3. MEDICAL CARDS/MEDICAL BRACELETS. An approved and completed medical card or medical bracelet is required any time while jumping. Medical cards must be enclosed in a transparent, waterproof carrier. Medical cards must be securely attached to the competitor’s upper arm on the outside of the competitor’s clothing. Medical bracelets must be visible on the competitor’s wrist. Medical cards must include any relevant medical history, injury (particularly to the head), drug allergies and current medication. If wearing a medical bracelet, any relevant medical history, injury (particularly to the head) drug allergies and current medication must be included in the online medical form of the bracelet’s vendor website or integrally in the bracelet. Athletes are responsible to record all injuries on the card or in the case of a medical bracelet, update their medical information online. Failure to wear one’s own medical card or bracelet shall be penalized by a fine of $100. (Payable to the Organizing Committee)
4. SAFETY COORDINATOR. All competitions shall furnish a Safety Coordinator, who shall be responsible for the establishment and coordination of medical services. As this shall include the transportation of injured competitors, the Safety Coordinator should not have any other duties during any cross-country or jumping tests.
5. MEDICAL PERSONNEL. Qualified medical personnel, with suitable medical equipment and with no other duties, must be present during scheduled schooling sessions over fences and during all scheduled competitions. Qualified Medical personnel is defined as a person who is currently certified or licensed in the profession and trained in pre-hospital trauma care. The minimum requirement is an EMT/Paramedic who is pre-hospital trauma trained.
6. ACCESS. The designated medical personnel should have the capability of rapid deployment to any part of the arenas or courses in adverse conditions. Should this access not be available, the Ground Jury, on the advice of the Technical Delegate and the Course Designer, must consider alternatives including removal of the inaccessible portion.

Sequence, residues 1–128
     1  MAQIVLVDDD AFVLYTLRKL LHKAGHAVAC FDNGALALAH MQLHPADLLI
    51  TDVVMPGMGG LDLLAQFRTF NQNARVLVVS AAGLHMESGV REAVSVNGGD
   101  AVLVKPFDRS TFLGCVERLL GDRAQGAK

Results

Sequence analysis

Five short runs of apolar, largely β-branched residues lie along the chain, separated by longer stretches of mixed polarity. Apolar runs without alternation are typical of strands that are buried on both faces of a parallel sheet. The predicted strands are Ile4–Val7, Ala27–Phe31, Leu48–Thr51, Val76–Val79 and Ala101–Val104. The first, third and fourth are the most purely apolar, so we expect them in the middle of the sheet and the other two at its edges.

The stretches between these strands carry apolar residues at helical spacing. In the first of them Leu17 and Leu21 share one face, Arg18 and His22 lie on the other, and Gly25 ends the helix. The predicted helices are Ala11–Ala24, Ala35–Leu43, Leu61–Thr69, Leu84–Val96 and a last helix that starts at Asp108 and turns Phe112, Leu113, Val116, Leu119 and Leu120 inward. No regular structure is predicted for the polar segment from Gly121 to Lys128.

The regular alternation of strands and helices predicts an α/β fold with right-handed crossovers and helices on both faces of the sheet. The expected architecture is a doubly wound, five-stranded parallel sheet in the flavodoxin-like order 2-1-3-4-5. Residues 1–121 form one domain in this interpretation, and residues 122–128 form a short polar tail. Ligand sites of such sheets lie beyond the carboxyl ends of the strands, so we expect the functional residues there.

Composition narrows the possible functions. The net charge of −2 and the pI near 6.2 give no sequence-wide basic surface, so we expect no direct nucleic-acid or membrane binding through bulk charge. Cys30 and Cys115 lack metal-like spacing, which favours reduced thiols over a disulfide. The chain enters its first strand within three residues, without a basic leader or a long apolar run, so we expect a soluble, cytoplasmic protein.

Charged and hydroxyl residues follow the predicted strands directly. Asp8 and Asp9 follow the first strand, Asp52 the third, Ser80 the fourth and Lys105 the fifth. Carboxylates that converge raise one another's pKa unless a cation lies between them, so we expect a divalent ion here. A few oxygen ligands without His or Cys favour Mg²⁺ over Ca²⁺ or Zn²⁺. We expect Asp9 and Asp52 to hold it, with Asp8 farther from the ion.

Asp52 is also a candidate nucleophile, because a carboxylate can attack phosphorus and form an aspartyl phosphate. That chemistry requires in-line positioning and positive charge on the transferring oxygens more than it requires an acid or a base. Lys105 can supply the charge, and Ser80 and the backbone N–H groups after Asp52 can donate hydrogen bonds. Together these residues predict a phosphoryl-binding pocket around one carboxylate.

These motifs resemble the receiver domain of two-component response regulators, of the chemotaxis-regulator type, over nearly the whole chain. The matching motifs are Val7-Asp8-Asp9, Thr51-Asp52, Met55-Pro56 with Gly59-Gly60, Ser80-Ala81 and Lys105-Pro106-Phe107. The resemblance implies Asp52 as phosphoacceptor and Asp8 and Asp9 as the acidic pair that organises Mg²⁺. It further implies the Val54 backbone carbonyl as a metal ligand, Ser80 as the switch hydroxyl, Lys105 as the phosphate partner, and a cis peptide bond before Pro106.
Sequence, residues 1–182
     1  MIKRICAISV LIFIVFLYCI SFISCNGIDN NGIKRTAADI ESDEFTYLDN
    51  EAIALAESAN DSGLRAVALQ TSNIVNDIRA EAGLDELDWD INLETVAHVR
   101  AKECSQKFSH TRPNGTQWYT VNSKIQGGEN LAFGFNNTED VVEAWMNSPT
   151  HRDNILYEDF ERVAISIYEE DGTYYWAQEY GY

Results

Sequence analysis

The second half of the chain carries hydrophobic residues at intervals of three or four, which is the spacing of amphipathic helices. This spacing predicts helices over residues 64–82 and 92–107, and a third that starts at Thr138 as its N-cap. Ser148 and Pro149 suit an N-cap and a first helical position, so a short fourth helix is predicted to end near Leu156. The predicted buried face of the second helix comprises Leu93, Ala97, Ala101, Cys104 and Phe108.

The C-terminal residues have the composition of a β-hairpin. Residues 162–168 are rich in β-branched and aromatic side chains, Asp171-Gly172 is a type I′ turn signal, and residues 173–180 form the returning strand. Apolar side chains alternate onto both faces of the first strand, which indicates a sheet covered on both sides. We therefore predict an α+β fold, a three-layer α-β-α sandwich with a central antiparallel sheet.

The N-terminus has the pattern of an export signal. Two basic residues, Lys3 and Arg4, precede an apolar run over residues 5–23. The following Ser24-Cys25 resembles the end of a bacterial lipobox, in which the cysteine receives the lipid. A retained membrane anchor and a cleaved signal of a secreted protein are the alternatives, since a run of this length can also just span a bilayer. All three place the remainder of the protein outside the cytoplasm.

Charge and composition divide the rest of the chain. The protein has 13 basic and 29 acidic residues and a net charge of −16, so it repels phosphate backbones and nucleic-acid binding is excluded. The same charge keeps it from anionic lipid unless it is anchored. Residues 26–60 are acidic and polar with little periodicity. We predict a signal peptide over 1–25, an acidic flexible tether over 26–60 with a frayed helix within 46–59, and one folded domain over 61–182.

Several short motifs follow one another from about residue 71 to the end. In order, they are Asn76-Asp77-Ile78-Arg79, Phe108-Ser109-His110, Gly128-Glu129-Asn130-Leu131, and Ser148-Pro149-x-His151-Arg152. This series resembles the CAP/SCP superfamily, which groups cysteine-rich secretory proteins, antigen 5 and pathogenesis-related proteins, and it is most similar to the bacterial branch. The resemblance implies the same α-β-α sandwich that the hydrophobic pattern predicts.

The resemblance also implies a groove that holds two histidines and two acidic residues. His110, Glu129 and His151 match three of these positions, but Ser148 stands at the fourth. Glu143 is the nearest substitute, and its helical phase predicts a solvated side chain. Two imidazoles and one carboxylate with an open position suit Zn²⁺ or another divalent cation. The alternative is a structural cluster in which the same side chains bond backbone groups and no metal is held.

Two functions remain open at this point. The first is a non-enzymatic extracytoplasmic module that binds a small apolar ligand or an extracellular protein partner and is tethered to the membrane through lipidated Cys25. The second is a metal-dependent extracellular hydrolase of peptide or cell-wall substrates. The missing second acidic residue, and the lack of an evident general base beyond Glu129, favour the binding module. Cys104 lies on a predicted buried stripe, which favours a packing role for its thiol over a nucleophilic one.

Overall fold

After a one-year gap, eventers from all over are ready to gather together and engage in four days of seminars, presentations, and gatherings at the USEA Annual Meeting & Convention. This year’s convention begins Thursday morning at the Hyatt Regency Albuquerque Hotel and continues through the weekend.
Over 40 horses competed in the USEA Young Event Horse (YEH) 5-year-old East and West Coast Championships in 2015. The YEH East Coast Championships were held during the Dutta Corp. Fair Hill International in Elkton, Maryland, while the YEH West Coast Championships took place at Galway Downs in Temecula, California. Following 2015’s YEH finale, many of the graduating class of the 2015 USEA Young Event Horse Championships have gone on to make their mark on the upper levels of eventing.
Nicole Brown is joined by a panel of experts including top FEI veterinarian Dr. Emily Sandler-Burtness, five-star eventer Will Faudree, and professional eventer and horsemanship expert Tik Maynard to answer all of your biggest questions.
I’d like to start my Holiday Pressure Proof Tip with an excerpt from my new book Bolder Braver Brighter.
"Imagine leaning against a tree while your horse grazes happily beside you. You feel the warm sunshine and breeze on your cheek, hear the chirping of nearby birds, and smell the fragrance of the grass and wildflowers. Your horse nickers quietly and all you can think about is how lucky you are to have this horse and this sport and this life… right here, right now.